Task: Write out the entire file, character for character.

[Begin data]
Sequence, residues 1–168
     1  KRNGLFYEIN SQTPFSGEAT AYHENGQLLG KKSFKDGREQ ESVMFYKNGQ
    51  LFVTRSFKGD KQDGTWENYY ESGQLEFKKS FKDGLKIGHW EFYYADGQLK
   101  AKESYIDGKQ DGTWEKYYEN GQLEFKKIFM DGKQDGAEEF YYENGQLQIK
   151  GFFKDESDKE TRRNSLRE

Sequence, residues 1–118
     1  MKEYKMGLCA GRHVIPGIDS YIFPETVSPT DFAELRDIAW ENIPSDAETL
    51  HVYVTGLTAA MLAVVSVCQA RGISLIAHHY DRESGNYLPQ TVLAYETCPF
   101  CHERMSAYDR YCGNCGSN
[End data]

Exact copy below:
Sequence, residues 1–168
     1  KRNGLFYEIN SQTPFSGEAT AYHENGQLLG KKSFKDGREQ ESVMFYKNGQ
    51  LFVTRSFKGD KQDGTWENYY ESGQLEFKKS FKDGLKIGHW EFYYADGQLK
   101  AKESYIDGKQ DGTWEKYYEN GQLEFKKIFM DGKQDGAEEF YYENGQLQIK
   151  GFFKDESDKE TRRNSLRE

Sequence, residues 1–118
     1  MKEYKMGLCA GRHVIPGIDS YIFPETVSPT DFAELRDIAW ENIPSDAETL
    51  HVYVTGLTAA MLAVVSVCQA RGISLIAHHY DRESGNYLPQ TVLAYETCPF
   101  CHERMSAYDR YCGNCGSN